Occidental Ruling Misses the Mark
September 15, 2006
by Emily Guidry
The battle continues for former shock-jock Jason Antebi in his case against Occidental College
. The Student Press Law Center reported
Wednesday that a state appeals court found that Antebi lacked standing to sue Occidental under California’s Leonard Law, which shields students at private California colleges from censorship of speech that would be constitutionally protected in society at large.
This ruling reflects an apparent loophole in the Leonard Law, which provides that “any student enrolled” at the institution can sue when the law is violated. Since Antebi had already graduated from Occidental when he filed his suit, the court found the Leonard Law inapplicable even though it stated that Antebi has a legitimate defamation claim against the school.
In the SPLC article, FIRE President Greg Lukianoff commented, “Under the way that the court has interpreted [the law], a university would have free reign to censor a student in the last semester of his senior year almost as much as they’d like to.”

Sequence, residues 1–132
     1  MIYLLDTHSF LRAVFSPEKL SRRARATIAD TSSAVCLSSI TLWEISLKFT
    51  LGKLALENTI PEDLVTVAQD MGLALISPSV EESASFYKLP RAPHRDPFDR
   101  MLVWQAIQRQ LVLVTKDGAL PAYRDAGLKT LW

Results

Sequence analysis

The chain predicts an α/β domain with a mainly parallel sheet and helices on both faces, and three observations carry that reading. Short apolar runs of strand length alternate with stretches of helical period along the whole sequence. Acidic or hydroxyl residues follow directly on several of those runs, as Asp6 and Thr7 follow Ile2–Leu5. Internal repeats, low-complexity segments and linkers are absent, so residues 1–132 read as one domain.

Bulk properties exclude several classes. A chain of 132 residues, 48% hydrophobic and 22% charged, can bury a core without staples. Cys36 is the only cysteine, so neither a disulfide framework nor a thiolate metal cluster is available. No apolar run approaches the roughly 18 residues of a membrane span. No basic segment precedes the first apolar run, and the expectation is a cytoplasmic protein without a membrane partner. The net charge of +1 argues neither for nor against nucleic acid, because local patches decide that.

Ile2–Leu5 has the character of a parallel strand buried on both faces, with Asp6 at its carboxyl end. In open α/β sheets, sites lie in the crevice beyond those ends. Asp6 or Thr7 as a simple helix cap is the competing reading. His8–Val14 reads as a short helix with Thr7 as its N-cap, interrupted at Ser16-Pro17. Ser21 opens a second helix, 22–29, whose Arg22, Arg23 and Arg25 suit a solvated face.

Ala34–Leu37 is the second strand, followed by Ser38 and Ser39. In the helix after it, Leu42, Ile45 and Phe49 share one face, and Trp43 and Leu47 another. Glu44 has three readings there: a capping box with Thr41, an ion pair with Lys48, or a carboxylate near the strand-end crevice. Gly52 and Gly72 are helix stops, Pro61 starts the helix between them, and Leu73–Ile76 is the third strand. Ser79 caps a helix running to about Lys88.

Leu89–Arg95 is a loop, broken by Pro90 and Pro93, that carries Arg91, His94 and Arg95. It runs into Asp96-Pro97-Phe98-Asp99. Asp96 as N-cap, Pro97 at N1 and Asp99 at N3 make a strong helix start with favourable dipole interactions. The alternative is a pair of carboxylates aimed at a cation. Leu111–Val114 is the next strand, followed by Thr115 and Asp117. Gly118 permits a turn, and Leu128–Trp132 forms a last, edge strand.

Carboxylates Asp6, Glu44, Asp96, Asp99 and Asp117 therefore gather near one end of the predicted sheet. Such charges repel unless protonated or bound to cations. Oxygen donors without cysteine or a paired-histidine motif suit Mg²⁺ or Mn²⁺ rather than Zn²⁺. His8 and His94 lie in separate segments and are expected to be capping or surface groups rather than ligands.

Schools could easily sidestep censorship lawsuits by either expelling a student before he has time to file suit or simply riding out a student’s final semesters, considering themselves “home free” if the student failed to file suit while still actively enrolled in the university.
Considering the fact that former California Senator Bill Leonard, who authored the Leonard Law, disagrees
with the court’s interpretation of the law in Antebi’s case, this seems to be an instance of judicial misinterpretation of legislative intent at its worst.